Louis August Edmond Hendrik De Meester was born on 18 October 1904 in a Francophone, liberal family in Roeselare. From a young age he took lessons in violin and piano, as well as solfège, although he would never receive a traditional musical education. From 1923, the composer started to earn his living by playing in cafés. He also played music for silent films and for balls and parties; this would form the basis of his later interest in functional music and music for film, plays and ballet. In 1927 he went to France to pursue the same career, moving on to Morocco two years later and there signing a contract to play jazz at the “Café de la Paix”. He also did the administrative work in a music school in Meknès, where he was offered a position as a music teacher. De Meester never received formal musical training, but taught himself music theory in six weeks. After two weeks of teaching, he became director of the school. In the context of his duties as director, he met Sergei Prokofiev, Maurice Ravel and Francis Poulenc. In the same period he became a member of the Belgian artists’ rights association, SABAM (then known as Navea, the National Association for Artists’ Rights). The composer returned to Belgium in 1937 in order to complete his studies as a composer. He took lessons in counterpoint with Jean Absil, the only formal musical training which he would ever follow. At the end of the Second World War, after a successful entrance exam, De Meester took a position at the NIR (the Belgian Broadcasting Corporation) as a music producer. At this time he met the “Groupe des Six” – Darius Milhaud, Francis Poulenc, Georges Auric, Louis Durey, Germaine Tailleferre en Arthur Honnegger – as well as Igor Stravinsky. These composers did not have a direct influence on him, however. While at the NIR (which became the BRT after the war), Louis De Meester, who had now abandoned his pseudonym of Louis Master, experimented in electro-acoustic music in the radio studios together with David Van de Woestijne.
In 1954, De Meester won his first major prize, the Italia Prize for documentary, with Le soleil se lève sur un monde. Three years later he won the same prize again for the category of radio, with his radio-opera, De Grote Verzoeking van Sint-Antonius (The Great Temptation of St Anthony), in which electro-acoustic techniques were applied. In 1961, De Meester was invited to become the artistic director of the IPEM (the Institute for Psycho-acoustics and Electronic Music) in Ghent. The institute was officially opened one year later. De Meester helped to found the composers’ group SPECTRA in 1963. He won the Sicily Prize (as part of the Italia Prize) for his opera Twee is te weinig, drie is te veel (Two is not enough, three is too much). From 1969, De Meester officially went into retirement, but remained active at the IPEM. He was a two-time winner of the Visser-Neerlandia Prize, in 1970 and 1973, for Marine and Concertino respectively. In 1979, he won the Staatsprijs for Composition, awarded every five years, and one year later he received an honorary doctorate from the Rijksuniversiteit Gent. De Meester’s last activities cover the period from 1984 to 1987, when he produced arrangements for the Nieuwe Muziekgroep, an ensemble conducted by Marc De Smet, one of the composer’s former pupils. Louis De Meester died on 12 December 1987.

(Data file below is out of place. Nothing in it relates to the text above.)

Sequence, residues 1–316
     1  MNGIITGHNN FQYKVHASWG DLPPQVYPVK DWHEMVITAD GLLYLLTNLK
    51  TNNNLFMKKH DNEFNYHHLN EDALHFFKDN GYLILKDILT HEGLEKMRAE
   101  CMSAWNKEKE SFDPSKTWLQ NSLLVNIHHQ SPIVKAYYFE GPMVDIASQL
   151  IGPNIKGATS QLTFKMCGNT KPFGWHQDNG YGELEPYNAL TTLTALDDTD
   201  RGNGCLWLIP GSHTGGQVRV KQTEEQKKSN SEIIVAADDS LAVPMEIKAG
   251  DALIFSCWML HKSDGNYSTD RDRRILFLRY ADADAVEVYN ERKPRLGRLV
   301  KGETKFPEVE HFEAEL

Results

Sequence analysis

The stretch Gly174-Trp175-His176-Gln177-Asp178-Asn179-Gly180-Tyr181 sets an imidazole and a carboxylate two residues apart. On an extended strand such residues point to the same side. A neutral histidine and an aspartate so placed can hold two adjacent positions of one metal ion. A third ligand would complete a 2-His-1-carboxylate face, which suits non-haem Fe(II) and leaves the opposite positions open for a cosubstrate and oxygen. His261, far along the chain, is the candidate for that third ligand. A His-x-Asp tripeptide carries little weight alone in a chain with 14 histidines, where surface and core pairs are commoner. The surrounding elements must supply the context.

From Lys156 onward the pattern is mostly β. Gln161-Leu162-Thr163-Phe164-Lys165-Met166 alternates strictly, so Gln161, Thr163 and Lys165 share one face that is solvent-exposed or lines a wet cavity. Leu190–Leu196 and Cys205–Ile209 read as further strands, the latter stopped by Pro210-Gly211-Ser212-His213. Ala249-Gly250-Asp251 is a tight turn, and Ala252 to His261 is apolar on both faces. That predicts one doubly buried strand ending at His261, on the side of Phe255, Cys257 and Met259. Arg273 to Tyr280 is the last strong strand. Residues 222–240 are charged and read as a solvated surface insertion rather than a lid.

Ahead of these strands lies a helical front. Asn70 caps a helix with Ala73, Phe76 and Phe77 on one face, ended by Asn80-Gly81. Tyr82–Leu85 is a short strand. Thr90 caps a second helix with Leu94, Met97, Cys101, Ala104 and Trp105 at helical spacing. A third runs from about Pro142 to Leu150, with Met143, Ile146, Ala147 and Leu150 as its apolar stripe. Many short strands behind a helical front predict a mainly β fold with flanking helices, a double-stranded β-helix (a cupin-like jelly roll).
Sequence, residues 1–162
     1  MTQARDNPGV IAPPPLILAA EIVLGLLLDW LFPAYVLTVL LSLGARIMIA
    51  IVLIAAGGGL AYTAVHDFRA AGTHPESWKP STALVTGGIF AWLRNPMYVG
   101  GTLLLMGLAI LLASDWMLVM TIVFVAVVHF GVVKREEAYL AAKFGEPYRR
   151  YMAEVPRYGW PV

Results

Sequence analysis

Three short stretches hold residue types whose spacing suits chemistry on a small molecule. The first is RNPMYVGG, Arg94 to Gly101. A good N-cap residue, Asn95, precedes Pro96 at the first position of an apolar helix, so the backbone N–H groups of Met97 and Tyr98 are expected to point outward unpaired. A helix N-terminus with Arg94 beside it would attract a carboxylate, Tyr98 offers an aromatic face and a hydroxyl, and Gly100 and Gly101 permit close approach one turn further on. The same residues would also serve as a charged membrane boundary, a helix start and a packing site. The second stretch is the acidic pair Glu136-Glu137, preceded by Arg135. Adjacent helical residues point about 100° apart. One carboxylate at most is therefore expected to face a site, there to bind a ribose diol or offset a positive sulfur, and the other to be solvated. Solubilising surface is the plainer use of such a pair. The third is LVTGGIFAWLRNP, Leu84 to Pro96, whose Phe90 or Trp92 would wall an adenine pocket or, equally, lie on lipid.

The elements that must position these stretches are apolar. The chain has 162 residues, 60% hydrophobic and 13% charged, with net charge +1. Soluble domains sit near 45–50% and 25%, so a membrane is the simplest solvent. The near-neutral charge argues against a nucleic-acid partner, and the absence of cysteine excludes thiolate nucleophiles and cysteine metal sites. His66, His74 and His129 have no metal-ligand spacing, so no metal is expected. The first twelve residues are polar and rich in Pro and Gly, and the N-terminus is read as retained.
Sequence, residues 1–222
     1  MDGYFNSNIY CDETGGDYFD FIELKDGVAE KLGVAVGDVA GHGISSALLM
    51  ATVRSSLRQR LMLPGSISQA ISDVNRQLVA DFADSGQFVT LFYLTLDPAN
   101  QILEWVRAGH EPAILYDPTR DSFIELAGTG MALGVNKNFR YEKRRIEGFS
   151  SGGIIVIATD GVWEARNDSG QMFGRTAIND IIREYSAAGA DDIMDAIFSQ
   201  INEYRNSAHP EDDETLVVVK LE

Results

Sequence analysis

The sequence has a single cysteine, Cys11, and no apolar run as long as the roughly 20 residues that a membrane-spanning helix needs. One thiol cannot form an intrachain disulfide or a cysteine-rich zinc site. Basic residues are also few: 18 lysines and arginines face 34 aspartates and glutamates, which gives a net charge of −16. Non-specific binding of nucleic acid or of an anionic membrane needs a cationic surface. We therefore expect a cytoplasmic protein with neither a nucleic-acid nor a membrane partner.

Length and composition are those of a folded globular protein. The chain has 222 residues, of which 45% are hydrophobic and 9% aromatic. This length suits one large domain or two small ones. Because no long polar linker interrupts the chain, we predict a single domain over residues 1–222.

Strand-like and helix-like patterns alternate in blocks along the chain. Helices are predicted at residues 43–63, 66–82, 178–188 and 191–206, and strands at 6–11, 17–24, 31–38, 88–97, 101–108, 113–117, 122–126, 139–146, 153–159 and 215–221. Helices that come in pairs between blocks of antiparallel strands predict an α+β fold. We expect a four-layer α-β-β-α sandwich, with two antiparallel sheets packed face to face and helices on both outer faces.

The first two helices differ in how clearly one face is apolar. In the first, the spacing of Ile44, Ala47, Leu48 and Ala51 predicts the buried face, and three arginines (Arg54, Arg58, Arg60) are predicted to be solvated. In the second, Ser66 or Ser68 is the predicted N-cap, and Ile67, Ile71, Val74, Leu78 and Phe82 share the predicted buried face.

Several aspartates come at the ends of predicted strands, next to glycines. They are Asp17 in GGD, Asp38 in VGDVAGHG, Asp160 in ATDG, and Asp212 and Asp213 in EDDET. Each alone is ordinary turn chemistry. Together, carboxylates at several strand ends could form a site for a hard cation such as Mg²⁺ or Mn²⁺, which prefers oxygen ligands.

For Louis De Meester, the relation with the audience was always of major importance. This “bridge function” between composer and audience explains why he never chose to immerse himself completely in one particular technique or style. For example, he did in fact write atonal dodecaphonic music, but never completely adopted the serial approach. Besides works in a free atonal style with tonal influences, he also composed in a style with twelve-tone organisation, as in Nocturne I (1946). And yet here too, the composer does not make use of all the serial possibilities. De Meester does not employ transpositions and the series appears only in its original form or in inversion. However, in his Variations for two pianos (1947), he does cyclically rotate the hexachords within the series.
Since De Meester never composed dodecaphonically in the strictest sense, he never truly conformed to the international avant-garde movement, which as a consequence somewhat isolated him from this movement. Another disadvantage of the functional compromise between entertainment and artistic music was his preference for placing his music in the context of other art forms, such as ballet and drama, which tended to assign to the music a secondary position. However, the majority of De Meester’s functional works did bring him success, including Betje Trompet in de knoop (1950), and Betje Trompet en de Reus (1965). These musical fairy tales were composed for the Youth Programming section of the BRT, on libretti by René Metzemaekers, and premiered by the BRT Orchestra. In these works, various forms and styles are combined, including canon, fugue, motivic development, dodecaphonic elements and jazz influences. This recombining in a personal way without being influenced by one particular master or style is characteristic of De Meester’s music. This is also evident in his electronic music, as in the combination of atmospheric sound effects, from babbling brooks to motors and out-of-step marching bands.